^The ancient Romans took the clothing traditions of the past and adapted them into one of the most distinctive costume traditions in all of history. The greatest influences on Roman fashion came from the Etruscans, who developed an advanced society in Italy hundreds of years before the Romans became powerful, and from the Greeks. It was from these two cultures that Romans inherited their love of draped garments. Yet Romans were also influenced greatly by the surrounding peoples they conquered over the years of their expansion. From the Gauls, who lived in present-day France, they inherited a garment something like modern pants, and their trade in the Far East enabled them to use silk and precious stones.
There were two different sides to Roman clothing, however. On the one hand, the Roman clothing tradition was very stable, with the dominant garments staying the same from the time of the founding of the Roman Republic in 509 b.c.e. to the collapse of the Roman Empire in 476 c.e. Yet the materials used to make the garments and the way they were decorated changed a great deal. Garments made from rough wool in the early years were made from rich, imported silk in the later years of the empire (27 b.c.e.-476 c.e.). Strict rules about the kinds of stripes, or clavi, that could be worn on men's tunicas, or shirt, and togas, a long cloak, in the early years gradually disappeared, and men later wore intricately patterned garments.
Romans were also a sharply divided society, with a small number of very wealthy people and masses of poor people. Wealthy Roman men simply did not go outside without a toga draped over a tunica. Respectable women also had an official outfit, consisting of a long dress called a stola, often worn beneath a cloak called a
palla. From the lowest classes of society up through royalty, men wore the toga to public ceremonies. It was difficult for the poor people to afford a toga or a stola, yet they had to wear one on certain occasions. Even the poorest Roman citizen, however, was distinguished from slaves or barbarians (the name Romans gave to people from other countries), who were banned from wearing Roman clothes like the toga.
Romans were very careful about the way they dressed. So careful, in fact, that they had a number of rules about who could wear certain items and how certain items should be worn. Romans created some of the first sumptuary laws, which regulated the color and type of clothing that could be worn by members of different social classes. (Sumptuary relates to personal expenditures especially on luxury items.) They also had unwritten rules about such things as the length of a toga or stola and demands for different togas for different social occasions. Wealthy Romans had slaves who helped their masters choose and adjust their clothing to just the right style.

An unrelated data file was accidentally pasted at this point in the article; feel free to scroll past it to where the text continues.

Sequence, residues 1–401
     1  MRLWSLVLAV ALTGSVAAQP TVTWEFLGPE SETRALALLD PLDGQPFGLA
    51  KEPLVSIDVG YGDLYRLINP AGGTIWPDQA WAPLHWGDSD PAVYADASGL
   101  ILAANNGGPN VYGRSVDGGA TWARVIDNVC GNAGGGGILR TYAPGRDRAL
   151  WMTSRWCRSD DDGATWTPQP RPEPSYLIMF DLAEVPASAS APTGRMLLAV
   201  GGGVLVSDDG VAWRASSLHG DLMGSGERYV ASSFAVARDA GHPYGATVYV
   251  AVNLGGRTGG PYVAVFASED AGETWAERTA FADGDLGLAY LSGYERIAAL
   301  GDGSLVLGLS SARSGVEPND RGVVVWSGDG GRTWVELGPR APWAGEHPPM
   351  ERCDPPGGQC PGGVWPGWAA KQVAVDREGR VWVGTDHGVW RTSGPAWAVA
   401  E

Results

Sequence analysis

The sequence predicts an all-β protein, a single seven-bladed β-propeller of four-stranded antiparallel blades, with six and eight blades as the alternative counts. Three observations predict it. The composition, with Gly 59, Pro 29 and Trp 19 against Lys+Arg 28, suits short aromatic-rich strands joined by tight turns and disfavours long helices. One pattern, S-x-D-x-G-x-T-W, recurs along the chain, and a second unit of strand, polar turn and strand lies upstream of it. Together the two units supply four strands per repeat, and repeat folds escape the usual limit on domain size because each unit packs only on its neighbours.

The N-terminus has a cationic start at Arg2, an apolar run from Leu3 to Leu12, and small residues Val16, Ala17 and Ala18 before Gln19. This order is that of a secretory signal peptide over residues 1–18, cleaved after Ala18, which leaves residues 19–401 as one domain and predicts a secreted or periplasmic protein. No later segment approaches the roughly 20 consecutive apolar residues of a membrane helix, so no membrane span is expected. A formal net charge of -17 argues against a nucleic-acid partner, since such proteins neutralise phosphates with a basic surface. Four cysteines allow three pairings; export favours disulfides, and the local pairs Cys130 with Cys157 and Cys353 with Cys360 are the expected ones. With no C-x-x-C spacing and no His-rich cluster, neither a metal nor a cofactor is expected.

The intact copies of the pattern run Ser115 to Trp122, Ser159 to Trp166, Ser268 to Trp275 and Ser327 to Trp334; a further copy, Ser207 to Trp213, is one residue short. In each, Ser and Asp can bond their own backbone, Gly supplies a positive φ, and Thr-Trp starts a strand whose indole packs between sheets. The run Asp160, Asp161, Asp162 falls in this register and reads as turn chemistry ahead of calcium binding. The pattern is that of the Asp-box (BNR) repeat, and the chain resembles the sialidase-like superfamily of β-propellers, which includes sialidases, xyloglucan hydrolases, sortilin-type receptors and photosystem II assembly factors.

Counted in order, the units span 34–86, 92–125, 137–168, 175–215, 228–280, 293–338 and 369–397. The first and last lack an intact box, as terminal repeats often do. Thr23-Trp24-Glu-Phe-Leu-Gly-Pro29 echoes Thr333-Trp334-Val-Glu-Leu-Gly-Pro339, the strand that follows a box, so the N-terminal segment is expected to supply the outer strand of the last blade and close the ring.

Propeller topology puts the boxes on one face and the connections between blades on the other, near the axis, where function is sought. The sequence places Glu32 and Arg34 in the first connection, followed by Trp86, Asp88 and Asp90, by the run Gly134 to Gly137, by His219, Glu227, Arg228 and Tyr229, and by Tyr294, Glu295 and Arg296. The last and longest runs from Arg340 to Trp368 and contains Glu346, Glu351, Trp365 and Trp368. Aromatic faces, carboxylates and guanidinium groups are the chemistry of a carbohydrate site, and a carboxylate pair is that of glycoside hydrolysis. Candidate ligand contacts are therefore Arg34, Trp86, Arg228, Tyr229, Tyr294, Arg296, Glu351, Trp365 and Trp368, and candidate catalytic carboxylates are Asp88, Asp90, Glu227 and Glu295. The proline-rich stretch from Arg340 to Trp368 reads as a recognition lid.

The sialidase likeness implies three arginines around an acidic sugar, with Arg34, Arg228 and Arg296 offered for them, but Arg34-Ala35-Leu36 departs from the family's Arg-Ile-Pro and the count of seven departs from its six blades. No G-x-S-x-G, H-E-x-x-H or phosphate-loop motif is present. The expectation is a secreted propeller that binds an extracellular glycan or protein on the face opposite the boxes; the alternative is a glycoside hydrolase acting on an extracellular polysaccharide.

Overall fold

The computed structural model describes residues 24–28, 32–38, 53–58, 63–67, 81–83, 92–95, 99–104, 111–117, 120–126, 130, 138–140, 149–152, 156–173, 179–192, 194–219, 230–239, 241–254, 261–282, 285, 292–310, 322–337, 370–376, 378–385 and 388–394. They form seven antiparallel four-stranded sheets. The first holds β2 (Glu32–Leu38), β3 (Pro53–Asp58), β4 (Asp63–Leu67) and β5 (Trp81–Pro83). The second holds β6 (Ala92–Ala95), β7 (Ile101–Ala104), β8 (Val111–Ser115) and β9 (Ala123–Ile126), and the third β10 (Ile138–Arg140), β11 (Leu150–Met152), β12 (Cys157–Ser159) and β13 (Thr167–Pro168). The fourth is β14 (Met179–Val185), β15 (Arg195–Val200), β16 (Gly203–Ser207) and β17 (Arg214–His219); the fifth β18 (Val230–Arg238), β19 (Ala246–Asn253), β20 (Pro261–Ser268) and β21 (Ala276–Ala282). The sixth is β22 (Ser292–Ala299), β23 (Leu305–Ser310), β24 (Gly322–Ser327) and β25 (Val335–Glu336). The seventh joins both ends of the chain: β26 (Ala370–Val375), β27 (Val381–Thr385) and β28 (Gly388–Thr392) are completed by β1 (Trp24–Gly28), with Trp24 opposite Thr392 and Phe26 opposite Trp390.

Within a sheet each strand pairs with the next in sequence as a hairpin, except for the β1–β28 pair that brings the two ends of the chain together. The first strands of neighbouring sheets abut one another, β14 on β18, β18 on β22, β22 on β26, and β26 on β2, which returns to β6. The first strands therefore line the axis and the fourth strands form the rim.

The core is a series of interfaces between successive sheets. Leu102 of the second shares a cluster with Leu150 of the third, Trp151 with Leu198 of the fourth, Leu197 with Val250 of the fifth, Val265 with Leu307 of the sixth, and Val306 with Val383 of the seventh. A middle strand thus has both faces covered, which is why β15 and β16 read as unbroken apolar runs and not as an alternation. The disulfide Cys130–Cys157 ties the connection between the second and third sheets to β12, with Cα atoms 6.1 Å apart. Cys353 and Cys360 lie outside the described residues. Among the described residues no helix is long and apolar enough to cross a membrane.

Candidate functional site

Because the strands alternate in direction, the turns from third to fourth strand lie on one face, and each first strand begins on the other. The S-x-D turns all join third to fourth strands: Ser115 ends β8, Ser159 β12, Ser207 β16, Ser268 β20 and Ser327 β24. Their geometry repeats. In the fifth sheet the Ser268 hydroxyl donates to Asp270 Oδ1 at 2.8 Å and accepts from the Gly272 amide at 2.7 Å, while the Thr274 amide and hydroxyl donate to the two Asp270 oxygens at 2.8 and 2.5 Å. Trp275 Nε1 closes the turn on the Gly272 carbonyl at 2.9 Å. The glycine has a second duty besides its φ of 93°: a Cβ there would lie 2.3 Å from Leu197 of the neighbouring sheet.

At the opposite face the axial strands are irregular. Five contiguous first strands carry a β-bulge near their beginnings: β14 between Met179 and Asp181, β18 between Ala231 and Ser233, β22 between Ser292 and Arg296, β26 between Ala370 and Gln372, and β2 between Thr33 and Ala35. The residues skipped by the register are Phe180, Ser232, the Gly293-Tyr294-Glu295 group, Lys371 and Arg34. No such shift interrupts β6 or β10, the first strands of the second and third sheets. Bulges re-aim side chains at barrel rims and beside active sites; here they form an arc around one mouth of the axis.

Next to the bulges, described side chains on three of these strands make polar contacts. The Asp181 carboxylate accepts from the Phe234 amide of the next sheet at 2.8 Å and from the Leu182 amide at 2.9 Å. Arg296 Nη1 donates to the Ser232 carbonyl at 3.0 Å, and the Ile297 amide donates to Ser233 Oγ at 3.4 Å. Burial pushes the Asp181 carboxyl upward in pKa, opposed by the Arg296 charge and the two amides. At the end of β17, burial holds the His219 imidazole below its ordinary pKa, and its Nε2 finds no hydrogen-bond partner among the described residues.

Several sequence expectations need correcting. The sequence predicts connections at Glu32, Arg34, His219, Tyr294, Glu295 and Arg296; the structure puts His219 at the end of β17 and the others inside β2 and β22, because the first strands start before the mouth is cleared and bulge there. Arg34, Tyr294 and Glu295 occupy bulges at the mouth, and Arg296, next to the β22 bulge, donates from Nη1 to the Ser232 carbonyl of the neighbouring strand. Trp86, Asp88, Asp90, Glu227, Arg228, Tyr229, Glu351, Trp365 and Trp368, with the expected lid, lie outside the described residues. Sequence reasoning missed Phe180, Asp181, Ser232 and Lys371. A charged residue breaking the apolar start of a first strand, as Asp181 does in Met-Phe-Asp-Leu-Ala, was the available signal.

The great philosopher Aristotle, right, teaching his pupil Alexander the Great. Both men wear traditional Roman clothing: Aristotle wears a toga and Alexander wears a tunica. Reproduced by permission of Getty Images.
Observers have written about how intense the pressure was to wear clothing correctly in ancient Rome.
There is much more of interest about Roman clothing traditions. Because their empire grew so great and took Romans into very different climates, the Romans became the first major society to wear seasonal clothing—that is, clothes for both warm and cold climates. They made warm winter boots and the first known raincoat. The spread of their empire also meant that Roman traditions spread into other countries, particularly throughout Europe and into the British Isles. Variations on ancient Roman costume can still be seen in the vestments, or priestly clothing, worn by members of the Roman Catholic Church.
Most of what we know about Roman clothing comes from evidence left by the wealthiest Romans. The many statues and paintings that have survived, and the various writings from the time, all discuss the clothing styles of those Romans who were very well off. It is likely that poorer Romans wore similar garments, though of much lower quality, but it may be that there were other clothing items that have simply been lost to history.
FOR MORE INFORMATION
Batterberry, Michael, and Ariane Batterberry. Fashion: The Mirror of History. New York: Greenwich House, 1977.
Cosgrave, Bronwyn. The Complete History of Costume and Fashion: From Ancient Egypt to the Present Day. New York: Checkmark Books, 2000.
Houston, Mary G. Ancient Greek, Roman, and Byzantine Costume and Decoration. 2nd ed. New York: Barnes and Noble, 1947.
Sebesta, Judith Lynn, and Larissa Bonfante, eds. The World of Roman Costume. Madison, WI: University of Wisconsin Press, 1994.
Steele, Philip. Clothes and Crafts in Roman Times. Milwaukee, WI: Gareth Stevens, 2000.
Symons, David J. Costume of Ancient Rome. New York: Chelsea House, 1987.
Yates, James. "Solea." Smith's Dictionary: Articles on Clothing and Adornment. http://www.ukans.edu/history/index/europe/ancient_rome/ E/Roman/Texts/secondary/SMIGRA%2A/Clothing/home%2A.html (accessed on July 24, 2003).
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